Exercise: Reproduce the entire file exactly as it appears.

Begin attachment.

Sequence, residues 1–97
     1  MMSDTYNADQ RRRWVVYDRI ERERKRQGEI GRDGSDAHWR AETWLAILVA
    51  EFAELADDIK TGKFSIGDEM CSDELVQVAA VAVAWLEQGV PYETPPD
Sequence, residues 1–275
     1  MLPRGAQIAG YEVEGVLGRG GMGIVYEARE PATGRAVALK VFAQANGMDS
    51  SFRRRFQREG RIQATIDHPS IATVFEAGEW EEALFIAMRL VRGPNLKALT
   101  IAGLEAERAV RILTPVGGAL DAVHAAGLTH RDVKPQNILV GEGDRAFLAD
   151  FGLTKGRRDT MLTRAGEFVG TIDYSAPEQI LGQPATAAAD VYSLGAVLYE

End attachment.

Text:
Sequence, residues 1–97
     1  MMSDTYNADQ RRRWVVYDRI ERERKRQGEI GRDGSDAHWR AETWLAILVA
    51  EFAELADDIK TGKFSIGDEM CSDELVQVAA VAVAWLEQGV PYETPPD
Sequence, residues 1–275
     1  MLPRGAQIAG YEVEGVLGRG GMGIVYEARE PATGRAVALK VFAQANGMDS
    51  SFRRRFQREG RIQATIDHPS IATVFEAGEW EEALFIAMRL VRGPNLKALT
   101  IAGLEAERAV RILTPVGGAL DAVHAAGLTH RDVKPQNILV GEGDRAFLAD
   151  FGLTKGRRDT MLTRAGEFVG TIDYSAPEQI LGQPATAAAD VYSLGAVLYE